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P- and SV-velocity structure of the South Portuguese Zone fold-and-thrust belt, SW Iberia, from traveltime tomography

AuthorsSchmelzbach, C.; Zelt, Colin; Juhlin, C.; Carbonell, Ramón CSIC ORCID
KeywordsInverse theory
Controlled source seismology
Body waves
Seismic tomography
Fractures and faults
Crustal structure
Issue DateAug-2008
CitationGeophysical Journal International 175(2): 689 - 712(2008)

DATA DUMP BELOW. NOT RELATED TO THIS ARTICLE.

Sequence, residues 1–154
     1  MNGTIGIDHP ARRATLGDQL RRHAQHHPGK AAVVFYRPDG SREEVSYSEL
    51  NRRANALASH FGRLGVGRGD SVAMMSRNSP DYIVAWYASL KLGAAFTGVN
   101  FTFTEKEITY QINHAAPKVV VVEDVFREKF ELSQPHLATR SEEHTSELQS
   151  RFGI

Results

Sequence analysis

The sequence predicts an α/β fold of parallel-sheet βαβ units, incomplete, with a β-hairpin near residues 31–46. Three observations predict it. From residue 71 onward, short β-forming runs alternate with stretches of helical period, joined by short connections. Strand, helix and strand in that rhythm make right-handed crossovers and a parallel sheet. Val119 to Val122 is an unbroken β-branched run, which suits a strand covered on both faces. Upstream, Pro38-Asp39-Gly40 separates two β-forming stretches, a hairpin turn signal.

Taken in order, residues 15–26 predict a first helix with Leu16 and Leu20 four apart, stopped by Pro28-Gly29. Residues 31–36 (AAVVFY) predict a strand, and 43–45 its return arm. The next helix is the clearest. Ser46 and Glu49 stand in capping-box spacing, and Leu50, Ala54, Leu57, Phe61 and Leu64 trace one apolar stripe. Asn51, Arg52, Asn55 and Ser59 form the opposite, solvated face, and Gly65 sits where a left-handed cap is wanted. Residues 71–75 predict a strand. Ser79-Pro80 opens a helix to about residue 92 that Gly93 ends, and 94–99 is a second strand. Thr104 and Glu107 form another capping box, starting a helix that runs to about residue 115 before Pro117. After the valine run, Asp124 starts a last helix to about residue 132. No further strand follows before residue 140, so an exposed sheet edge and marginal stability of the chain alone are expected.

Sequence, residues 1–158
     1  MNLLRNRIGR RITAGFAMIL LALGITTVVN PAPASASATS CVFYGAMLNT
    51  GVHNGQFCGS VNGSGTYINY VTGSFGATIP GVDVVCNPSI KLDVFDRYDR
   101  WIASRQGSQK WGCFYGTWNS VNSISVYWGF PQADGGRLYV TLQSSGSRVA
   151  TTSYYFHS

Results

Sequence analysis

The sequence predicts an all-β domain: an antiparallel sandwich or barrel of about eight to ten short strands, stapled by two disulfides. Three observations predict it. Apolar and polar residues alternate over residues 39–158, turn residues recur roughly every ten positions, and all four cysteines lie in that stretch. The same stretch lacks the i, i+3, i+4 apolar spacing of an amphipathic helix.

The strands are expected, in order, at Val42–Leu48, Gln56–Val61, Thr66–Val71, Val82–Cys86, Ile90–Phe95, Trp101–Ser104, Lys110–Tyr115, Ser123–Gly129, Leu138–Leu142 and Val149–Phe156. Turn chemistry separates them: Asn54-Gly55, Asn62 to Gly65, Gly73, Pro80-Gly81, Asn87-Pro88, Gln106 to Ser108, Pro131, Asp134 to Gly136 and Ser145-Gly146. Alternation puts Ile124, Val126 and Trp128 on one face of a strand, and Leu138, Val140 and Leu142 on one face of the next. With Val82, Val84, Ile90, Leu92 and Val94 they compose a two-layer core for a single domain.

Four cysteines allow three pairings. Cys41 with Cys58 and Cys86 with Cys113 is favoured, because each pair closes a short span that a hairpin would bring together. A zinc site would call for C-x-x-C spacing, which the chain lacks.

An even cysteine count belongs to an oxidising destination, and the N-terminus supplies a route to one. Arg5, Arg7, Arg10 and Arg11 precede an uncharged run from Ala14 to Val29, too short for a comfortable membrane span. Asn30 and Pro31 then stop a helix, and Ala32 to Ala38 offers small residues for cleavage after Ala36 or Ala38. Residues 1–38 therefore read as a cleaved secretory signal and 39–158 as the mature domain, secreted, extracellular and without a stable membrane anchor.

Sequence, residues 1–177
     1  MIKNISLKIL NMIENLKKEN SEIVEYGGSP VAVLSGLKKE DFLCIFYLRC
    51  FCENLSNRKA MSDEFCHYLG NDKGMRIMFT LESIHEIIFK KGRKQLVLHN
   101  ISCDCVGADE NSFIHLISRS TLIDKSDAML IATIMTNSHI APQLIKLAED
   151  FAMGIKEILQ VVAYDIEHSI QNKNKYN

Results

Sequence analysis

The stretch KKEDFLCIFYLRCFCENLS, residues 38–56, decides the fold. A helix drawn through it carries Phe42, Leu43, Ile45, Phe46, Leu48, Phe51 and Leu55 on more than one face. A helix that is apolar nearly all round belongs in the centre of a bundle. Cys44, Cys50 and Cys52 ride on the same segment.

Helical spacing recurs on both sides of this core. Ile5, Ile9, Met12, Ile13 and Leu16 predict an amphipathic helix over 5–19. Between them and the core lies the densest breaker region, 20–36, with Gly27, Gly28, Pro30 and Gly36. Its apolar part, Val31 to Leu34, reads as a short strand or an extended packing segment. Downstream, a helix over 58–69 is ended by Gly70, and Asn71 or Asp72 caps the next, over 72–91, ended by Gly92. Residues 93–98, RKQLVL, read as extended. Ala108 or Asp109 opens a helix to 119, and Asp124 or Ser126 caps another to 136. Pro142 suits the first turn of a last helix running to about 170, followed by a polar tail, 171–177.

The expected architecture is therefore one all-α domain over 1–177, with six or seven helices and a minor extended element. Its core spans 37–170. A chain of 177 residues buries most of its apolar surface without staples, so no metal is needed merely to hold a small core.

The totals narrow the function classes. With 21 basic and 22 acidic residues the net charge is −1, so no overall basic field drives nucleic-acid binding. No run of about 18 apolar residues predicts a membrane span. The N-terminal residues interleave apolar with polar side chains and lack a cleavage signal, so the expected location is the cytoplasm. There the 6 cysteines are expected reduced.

AbstractImaging the architecture of the shallow crust of the South Portuguese Zone fold-and-thrust belt is essential to extend surface mapped geological information to depth and to help in developing models of the ore-bearing Iberian Pyrite Belt part of the Variscan orogeny. The recently acquired IBERSEIS seismic-reflection data set provides, for the first time, detailed images of the entire crust, but source-generated noise masks the earliest reflections and limits the shallowest observed signals to depths >500 m. We inverted P- and SV first-arrival traveltimes for the smoothest minimum-structure velocity models, imaging the shallowest few hundreds of metres along four in total ∼60-km-long profiles. A comparison of a 2-D and 2.5-D (3-D forward and 2-D inverse problem) crooked-line inversion scheme revealed that the crooked-line geometry has a negligible effect on the final images. Resolution of the final preferred models was assessed on the basis of an extensive series of checkerboard tests, showing a slightly lower resolution capability of the SV -data due to greater data uncertainty, fewer number of picks and more limited source–receiver offsets compared with the P-data. The preferred final models compare favourably with the mapped surface geology, showing relatively high and uniform velocities (>5.25 km s−1) for the flysch group in the southern part of the investigation area. Low velocities (∼4.5 km s−1) are found for the 'La Puebla de Guzman antiform' in the centre of the investigation area, where the phyllite–quartzite group is exposed. Velocities fluctuate the most along the northernmost ∼20 km. Velocity variations reflect more the state of tectonic deformation than being directly correlated with the mapped lithologies. Based on a comparison with coincident seismic-reflection data along the southern half of the area, we suggest that two areas of low to intermediate ratios (∼1.85–1.9) correspond to occurrences of thick and less deformed flysch-group units, whereas high ratios (∼1.95) are interpreted to indicate increased porosity due to intense fracturing.
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